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  #11    Top
Old January 4th, 2012, 02:43 PM
Anadil Anadil is offline
New Member
Re: Enroute to making my FIRST SALE!!!

the first shot is amazing....the second shot is good too but it doesnt really show the identity of the bird..tell me how to make sales
  #12    Top
Old January 4th, 2012, 10:14 PM
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The_Animal The_Animal is offline
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Bronze Commitment Award: This award is given to those who have shown great community dedication & commitment and have over 1,000 posts. - Issue reason
Re: Enroute to making my FIRST SALE!!!

It all depends on whether you're shooting wildlife. Anadil Unfortunately, wildlife and nature is what I found my niche is. I'm working with just a 70-200mm f/2.8 VRII (no teleconverters) as my longest professional calibre lens. The ducks I have found are mallards. I saw a pied billed grebe on one of my treks to that shooting location but just didn't have the range to get the shot I really wanted.

Ideally for shooting wildlife, you need to be at least at 400mm or above. I'm hoping at one point this year to add a TC-20EIII (which reportedly is very good according to Nasim Mansurov who extensively tested it for his review at Mansurovs.org) to my arsenal and I am saving up for a 600mm f/4 and a 1.4X TC for 5 years down the road. Reported IQ at wide-open (f/5.6) is acceptably sharp. But it's optimal sharpness is stopped down by one stop to f/8.

As far as selling images are concerned, it's a tossup. You can put years and years of effort into your craft, but whether someone will like the output, you'll never know. Frankly put, it takes lots of time and effort perfecting your craft. Even then you'll find people either like it or they don't. You take the good points from all the critiques and utilize them. Above all, never stop learning. I've had good friends - Scott Linstead, Ethan Meleg, Jamie Douglas, Bob Krist, Darwin Wiggett and others' images to see what they produce and sell...and my main commitment to becoming professional was if I was going to make a living out of this field of work, my work had better be up to the quality of the above names. The only suggestion that I have is "Commit to being the best at your craft that you can become. Figure out what the pros are coming up with. Learn your craft to the point where you can create images with that same quality over and over again...so that it isn't a matter of luck, but ingrained."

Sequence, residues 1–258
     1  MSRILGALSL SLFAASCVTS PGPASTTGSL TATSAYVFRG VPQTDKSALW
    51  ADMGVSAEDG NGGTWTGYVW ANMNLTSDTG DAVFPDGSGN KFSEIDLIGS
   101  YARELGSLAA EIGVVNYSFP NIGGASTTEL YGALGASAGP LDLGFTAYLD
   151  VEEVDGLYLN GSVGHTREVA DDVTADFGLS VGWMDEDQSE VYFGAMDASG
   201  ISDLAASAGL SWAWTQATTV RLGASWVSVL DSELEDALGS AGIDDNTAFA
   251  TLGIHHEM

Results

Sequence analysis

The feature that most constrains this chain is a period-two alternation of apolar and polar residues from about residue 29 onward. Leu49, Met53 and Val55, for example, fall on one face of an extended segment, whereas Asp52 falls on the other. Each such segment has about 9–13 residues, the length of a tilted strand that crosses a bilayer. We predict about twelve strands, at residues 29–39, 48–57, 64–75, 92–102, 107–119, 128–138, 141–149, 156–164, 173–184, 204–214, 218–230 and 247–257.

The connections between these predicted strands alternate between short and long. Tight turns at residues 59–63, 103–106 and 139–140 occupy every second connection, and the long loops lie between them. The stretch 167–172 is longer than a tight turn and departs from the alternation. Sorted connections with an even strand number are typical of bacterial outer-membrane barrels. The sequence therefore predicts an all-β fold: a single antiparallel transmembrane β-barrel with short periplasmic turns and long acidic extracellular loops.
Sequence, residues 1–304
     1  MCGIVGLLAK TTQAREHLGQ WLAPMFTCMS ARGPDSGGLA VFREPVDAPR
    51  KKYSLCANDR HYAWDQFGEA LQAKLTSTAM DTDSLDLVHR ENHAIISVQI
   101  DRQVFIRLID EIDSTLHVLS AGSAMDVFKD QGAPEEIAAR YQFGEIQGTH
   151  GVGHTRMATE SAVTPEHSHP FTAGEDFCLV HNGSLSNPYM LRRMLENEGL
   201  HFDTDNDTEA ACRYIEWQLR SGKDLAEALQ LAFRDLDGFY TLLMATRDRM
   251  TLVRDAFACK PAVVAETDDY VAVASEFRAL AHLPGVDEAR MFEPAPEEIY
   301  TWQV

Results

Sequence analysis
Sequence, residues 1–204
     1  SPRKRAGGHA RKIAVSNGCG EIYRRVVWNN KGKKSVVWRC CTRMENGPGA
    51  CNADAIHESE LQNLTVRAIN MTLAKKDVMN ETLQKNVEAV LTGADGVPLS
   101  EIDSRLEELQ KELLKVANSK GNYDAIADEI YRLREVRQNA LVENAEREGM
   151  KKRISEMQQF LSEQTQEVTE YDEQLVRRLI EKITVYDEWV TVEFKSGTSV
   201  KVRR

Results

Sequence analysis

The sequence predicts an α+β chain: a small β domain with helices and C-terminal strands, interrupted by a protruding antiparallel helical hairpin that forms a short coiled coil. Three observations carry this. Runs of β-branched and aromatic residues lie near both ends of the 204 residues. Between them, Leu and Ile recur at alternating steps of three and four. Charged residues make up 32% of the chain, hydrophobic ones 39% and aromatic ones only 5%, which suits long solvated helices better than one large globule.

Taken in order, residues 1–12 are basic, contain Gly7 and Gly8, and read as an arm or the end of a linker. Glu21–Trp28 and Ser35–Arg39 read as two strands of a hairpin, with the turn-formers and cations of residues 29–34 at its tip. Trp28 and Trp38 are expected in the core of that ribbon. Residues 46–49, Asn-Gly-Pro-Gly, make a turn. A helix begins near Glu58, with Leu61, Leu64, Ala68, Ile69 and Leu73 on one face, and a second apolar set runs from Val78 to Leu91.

Understand that this is 5 years of intensive self-teaching until I got to the point where I was even considered competitive. I crammed the equivalent of a degree in photographic arts into reading magazines...and wearing the living daylights out of my Nikon D50. Keep in mind, photography isn't completely about gear, it's about knowledge. Knowledge is the key to your success as a photographer. Read what books you can obtain or are available in your country on the subject of photography. Learn your the functions of your current gear inside and out. Learn about photography: Why is Rule of Thirds important and why do you have to learn it before you even know when and how to break it. What is the Golden Mean (as it pertains to photography). Why does shutterspeed, aperture and ISO impact what your photograph looks like. What is Depth of Field, What is Bokeh. Why do different lenses have different DOF and how does each lens affect your photograph. How do you push your ISO to gain shutterspeed? These are the questions you have to learn and drill into your shooting technique until it becomes rote. Only then...should you even consider "do you have what it takes to start a business in photography?" It's not hard to learn all that...it just takes commitment.

Best wishes.
I know Mike Dorn...somewhat.
FalconRose Photography
Join Date: May 2004 => Old Fart.
My Gear

Last edited by The_Animal; January 4th, 2012 at 10:26 PM.
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